Photo provided
People sign in for the jury panel and they watch the orientation video. There were 20 people in the jury panel.
Photo provided People sign in for the jury panel and they watch the orientation video. There were 20 people in the jury panel.
New safety measures were put in place to prevent COVID-19 exposure.
Jury trials have resumed in Hamilton County with a host of new safety measures to ensure the safety of the judges, jurors, attorneys, parties, and witnesses. Jury trials were suspended March 18th in the State of Indiana pursuant to the Order of the Indiana Supreme Court.
“Our constitution did not take a holiday during the pandemic,” Hamilton Superior Court 6 Judge Gail Bardach said. “People do still have the right to have their cases tried and heard. It is time to resume implementing and honoring those rights.”
In order to fill a jury, more jurors have been and will be summoned than in the past to account for those who request to be excused due to the COVID-19 pandemic. Upon entering the Judicial Center, potential jurors will have their temperatures taken and will be asked a number of COVID-19 related health questions. All parties involved will be required to wear masks for the entirety of the trial.
“Recent times have been difficult,” said Hamilton Superior Court 4 Judge Richard Campbell who conducted the county’s first jury trial on Thursday, July 23rd. “We all have concerns about our safety especially when gathering. We would like the public to know that we take their health and safety very seriously.”
To ensure social distancing, jurors are spaced at least six feet apart in the courtroom. Once the jury and an alternate have been selected, they will be given two jury rooms for breaks and will use the jury assembly room for meals and deliberation to ensure proper social distancing.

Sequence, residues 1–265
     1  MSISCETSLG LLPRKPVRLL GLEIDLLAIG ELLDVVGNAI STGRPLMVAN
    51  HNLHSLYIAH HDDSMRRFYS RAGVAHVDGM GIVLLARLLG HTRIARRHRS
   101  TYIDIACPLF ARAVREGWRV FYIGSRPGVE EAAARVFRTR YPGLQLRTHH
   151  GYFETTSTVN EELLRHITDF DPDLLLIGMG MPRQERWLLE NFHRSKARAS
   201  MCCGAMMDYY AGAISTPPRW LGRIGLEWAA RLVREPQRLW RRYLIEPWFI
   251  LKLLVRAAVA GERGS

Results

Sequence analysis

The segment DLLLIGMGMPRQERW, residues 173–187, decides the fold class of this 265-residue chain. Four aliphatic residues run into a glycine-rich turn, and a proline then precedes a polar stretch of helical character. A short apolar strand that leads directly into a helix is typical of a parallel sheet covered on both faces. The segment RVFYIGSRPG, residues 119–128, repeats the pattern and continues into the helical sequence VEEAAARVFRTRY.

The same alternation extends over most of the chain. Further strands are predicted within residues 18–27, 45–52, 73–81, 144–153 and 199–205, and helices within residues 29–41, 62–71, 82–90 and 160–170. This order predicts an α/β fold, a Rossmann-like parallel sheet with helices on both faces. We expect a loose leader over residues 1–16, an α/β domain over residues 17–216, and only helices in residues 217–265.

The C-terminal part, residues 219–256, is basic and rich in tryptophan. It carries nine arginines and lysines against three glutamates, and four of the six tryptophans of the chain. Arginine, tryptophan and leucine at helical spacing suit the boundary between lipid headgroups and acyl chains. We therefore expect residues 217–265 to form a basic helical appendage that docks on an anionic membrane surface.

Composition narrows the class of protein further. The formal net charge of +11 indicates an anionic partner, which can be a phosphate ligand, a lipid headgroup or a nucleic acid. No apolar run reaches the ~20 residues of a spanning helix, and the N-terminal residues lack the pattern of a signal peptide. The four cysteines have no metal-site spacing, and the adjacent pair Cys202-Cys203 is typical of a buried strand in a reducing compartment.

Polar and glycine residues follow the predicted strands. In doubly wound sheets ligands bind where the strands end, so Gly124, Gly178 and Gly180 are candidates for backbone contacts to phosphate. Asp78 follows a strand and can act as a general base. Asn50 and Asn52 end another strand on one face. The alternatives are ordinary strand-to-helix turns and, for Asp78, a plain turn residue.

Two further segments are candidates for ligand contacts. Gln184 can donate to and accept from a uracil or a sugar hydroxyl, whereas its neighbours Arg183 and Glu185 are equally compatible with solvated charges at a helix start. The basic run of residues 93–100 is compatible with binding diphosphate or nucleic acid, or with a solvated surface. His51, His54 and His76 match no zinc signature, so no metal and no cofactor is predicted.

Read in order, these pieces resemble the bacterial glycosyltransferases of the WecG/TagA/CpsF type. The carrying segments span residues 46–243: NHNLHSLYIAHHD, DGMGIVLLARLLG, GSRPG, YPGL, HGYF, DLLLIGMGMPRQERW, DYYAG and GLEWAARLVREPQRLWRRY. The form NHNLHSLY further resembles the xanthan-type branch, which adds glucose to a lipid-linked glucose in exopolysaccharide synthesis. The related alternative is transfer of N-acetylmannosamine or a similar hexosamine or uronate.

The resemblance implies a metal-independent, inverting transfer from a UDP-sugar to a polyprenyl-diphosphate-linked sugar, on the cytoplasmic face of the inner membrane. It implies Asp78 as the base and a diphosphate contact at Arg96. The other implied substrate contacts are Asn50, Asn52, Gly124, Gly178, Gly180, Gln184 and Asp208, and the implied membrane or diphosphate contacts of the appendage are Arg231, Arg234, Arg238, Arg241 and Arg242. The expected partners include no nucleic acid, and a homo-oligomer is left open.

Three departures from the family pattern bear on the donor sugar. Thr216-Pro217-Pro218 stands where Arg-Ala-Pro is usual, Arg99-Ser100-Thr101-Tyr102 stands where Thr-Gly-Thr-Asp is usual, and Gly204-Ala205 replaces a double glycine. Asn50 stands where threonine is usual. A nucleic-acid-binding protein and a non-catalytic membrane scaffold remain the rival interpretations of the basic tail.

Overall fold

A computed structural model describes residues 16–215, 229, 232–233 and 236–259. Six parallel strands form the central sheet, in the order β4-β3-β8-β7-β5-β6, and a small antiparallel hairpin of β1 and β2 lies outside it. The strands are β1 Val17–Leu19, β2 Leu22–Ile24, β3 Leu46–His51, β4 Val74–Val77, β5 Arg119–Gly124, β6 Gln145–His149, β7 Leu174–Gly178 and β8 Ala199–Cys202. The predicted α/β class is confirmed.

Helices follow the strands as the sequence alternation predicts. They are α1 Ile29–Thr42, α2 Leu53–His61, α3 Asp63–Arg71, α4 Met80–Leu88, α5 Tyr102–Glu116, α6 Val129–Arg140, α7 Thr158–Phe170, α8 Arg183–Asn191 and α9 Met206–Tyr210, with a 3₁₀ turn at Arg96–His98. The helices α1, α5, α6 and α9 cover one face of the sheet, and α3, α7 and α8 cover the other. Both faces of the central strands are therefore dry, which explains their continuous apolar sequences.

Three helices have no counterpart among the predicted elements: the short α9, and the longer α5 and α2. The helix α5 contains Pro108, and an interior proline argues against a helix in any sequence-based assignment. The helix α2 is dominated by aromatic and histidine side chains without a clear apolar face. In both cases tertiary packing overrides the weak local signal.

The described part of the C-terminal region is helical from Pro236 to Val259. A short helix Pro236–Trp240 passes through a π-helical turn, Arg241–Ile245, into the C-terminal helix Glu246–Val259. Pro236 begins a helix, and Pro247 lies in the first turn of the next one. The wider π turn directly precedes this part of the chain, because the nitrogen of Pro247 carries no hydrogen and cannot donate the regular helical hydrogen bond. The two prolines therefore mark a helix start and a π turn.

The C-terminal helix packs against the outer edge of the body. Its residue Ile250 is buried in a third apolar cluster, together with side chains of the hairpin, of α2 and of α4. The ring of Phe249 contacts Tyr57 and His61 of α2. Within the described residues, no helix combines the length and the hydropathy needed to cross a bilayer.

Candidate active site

In the past three weeks, Judge Campbell has conducted two jury trials and Judge Bardach has conducted one. These were the first jury trials held in Hamilton County since March. Both judges commented that the jurors selected felt comfortable and were appreciative of the safety measures the courts took to keep them safe.
“We expect some will still be uncomfortable with the circumstances,” Judge Bardach said. “We understand that, but also want to thank prospective jurors in advance for meeting the special challenges of our world today. It is especially important that they serve to guarantee that anyone on trial is assured their constitutional and personal right to be tried by a jury.”
In addition to the precautions listed above, all prospective jurors will be given their own hand sanitizer to use throughout the day. Additional bottles of hand sanitizer will be spread throughout the courtroom, jury rooms, and the jury assembly room. Court staff will use a disinfecting spray to sanitize surfaces in the courtroom throughout jury selection and the trial itself.